I meet people every day who tell me they are not being listened to about local or national concerns. I meet Tories who feel ignored, Liberals who feel let down, Labour voters who want representation, and many others who are concerned about the direction of the NHS under the Coalition Government.
Currently, we are facing fundamental choices about what we value in our society. Do we value a properly funded NHS that is fit for the 21st Century? Should we view the treatment and medication that will improve our health and life expectancy as a basic human right or a luxury affordable by only a few?
The Chancellor’s autumn statement indicates that the government has no intention of properly funding basic services like education, social care and the NHS during the next parliament. In fact the Government will cut expenditure by a further £25billion. One of the services most vulnerable to these cuts is the NHS. The size of the state will shrink back to that not seen since the Jarrow March in 1936, where hundreds of people, driven by poverty and despair, marched 300 miles to Westminster to demand help from the government.
We need to have an honest conversation with the electorate about what we value. Our NHS is suffering a long-term funding crisis, with a projected short-fall of £25billion by 2020 caused by an ageing population, expensive drugs, and an array of life-saving procedures that we expect to be available. Like many people, I value the NHS very highly; my entire family has worked in the NHS, it must be properly funded so people get the care they need. We are seeing an erosion of the services that people rely on to keep well and productive. This applies not only to the loss of Accident and Emergency facilities, but also to health provision at a local level, where increased screening and improved maintenance for long-term chronic illness could save the NHS millions in the long-term.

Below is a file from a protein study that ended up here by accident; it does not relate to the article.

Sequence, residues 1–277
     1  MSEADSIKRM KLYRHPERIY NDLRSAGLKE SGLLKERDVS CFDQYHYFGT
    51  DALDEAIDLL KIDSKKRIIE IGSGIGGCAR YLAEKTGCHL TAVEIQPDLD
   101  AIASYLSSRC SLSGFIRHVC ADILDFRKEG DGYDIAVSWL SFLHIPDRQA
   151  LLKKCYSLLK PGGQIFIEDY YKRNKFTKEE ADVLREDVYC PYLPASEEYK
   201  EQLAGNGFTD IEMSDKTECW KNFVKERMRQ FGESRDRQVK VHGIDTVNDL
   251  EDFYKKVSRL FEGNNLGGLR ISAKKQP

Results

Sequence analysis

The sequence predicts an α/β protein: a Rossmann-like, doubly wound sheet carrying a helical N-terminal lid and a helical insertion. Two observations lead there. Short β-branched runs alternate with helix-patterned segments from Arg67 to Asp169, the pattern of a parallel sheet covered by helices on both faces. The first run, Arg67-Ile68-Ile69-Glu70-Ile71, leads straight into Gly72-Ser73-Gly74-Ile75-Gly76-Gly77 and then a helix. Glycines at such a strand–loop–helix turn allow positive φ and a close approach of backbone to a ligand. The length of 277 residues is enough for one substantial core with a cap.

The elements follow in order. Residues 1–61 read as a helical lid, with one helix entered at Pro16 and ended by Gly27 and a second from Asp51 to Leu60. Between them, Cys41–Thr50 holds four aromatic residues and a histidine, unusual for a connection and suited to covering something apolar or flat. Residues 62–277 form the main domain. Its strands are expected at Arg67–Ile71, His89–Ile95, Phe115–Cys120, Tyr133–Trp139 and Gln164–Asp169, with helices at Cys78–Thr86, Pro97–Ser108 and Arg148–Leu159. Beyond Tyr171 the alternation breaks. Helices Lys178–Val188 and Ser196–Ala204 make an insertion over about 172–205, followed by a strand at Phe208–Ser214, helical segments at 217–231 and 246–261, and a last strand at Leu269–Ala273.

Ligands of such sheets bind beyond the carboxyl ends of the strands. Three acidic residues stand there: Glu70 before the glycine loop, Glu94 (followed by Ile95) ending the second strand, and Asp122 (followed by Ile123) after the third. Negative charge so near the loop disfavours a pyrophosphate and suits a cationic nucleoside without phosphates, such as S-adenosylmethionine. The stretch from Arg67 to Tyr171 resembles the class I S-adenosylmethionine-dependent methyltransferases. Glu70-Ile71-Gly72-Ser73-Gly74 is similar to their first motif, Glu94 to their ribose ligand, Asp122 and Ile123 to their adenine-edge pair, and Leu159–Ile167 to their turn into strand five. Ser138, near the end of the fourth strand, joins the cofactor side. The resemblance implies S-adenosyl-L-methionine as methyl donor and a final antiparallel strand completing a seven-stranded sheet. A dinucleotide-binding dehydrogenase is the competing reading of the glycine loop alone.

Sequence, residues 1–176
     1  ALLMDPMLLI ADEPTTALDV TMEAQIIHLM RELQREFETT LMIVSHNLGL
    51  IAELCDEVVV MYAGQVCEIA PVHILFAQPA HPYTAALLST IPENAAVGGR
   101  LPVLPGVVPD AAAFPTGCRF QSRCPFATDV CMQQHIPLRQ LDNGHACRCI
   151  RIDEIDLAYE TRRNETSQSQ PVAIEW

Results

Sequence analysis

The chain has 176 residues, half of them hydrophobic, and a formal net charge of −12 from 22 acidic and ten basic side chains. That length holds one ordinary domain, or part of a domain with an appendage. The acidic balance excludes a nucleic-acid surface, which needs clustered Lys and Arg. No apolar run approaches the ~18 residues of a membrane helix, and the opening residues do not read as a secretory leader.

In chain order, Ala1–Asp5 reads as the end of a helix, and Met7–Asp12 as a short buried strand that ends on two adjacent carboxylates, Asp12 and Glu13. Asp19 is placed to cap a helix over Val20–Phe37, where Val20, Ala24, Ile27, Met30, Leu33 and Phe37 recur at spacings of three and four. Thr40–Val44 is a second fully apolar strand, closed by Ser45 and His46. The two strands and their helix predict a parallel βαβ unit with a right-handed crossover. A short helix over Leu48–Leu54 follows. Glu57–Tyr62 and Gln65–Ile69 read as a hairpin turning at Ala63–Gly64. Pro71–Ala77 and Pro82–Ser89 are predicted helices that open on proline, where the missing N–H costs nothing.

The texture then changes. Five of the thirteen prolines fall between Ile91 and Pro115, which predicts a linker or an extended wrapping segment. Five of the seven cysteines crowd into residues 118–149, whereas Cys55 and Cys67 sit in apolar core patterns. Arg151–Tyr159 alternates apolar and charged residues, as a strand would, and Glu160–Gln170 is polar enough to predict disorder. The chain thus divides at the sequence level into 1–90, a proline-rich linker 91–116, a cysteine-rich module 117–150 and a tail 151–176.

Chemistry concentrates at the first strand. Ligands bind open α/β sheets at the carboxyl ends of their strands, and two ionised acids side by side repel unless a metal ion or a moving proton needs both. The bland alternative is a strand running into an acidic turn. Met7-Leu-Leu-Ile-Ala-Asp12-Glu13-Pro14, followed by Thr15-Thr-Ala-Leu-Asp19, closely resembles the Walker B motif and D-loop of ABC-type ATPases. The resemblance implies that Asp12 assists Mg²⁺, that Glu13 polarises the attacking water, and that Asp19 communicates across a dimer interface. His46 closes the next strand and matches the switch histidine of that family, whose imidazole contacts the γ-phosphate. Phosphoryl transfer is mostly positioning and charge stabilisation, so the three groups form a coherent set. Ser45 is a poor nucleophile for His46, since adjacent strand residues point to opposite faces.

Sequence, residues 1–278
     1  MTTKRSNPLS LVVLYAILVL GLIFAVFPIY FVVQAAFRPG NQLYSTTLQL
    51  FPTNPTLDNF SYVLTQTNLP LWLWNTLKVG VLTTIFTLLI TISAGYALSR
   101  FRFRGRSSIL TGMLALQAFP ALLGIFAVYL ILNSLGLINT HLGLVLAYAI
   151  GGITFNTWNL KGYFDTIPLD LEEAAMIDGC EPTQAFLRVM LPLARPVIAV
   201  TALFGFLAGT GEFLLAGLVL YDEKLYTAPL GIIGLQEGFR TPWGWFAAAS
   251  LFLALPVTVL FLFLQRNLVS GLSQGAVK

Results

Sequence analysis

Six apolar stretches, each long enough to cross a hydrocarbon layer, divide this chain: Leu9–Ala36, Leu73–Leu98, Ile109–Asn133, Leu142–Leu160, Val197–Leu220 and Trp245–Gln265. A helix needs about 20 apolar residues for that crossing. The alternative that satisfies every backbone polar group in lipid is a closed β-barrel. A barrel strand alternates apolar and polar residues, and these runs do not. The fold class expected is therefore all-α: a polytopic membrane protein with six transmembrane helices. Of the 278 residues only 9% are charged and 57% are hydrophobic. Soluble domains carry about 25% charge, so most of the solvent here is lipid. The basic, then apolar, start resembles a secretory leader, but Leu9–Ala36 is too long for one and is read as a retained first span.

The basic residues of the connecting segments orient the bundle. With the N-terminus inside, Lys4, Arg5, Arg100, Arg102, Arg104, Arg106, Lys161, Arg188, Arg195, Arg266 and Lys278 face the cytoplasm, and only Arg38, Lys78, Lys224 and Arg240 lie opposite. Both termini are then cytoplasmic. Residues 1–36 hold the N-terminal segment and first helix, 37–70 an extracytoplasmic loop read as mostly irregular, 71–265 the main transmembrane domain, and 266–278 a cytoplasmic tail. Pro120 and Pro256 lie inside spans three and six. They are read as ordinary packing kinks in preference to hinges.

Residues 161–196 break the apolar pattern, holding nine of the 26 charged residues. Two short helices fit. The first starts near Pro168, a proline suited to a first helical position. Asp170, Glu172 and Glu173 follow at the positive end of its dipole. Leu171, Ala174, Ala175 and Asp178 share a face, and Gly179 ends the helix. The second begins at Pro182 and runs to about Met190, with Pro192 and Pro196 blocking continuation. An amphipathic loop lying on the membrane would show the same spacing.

The one-off £2billion sticking plaster proposed by the Tories is too little, too late. Yet there is money available to fund the NHS long-term. Avoided, evaded and uncollected tax amounts to £120billion according to Tax Justice Network. The much more conservative figures of £30billion by HMRC would fund the NHS, even if we were only able to collect two-thirds of this. Regardless of party, the next government must address this discrepancy.
At the local level, health inequalities in Kensington are extreme and inexcusable. The average life expectancy of 85 hides extremes of just 63 for men in part of North Kensington, and 92 for men in South Kensington. Despite this, the man some call ‘the Honorary MP for Kensington’ has never spoken about the health of his constituents. Providing a decent standard of health care for all must be one of the aspirations of a civilised society, and I fear that across the country, and in affluent Kensington, we are in line to fail miserably.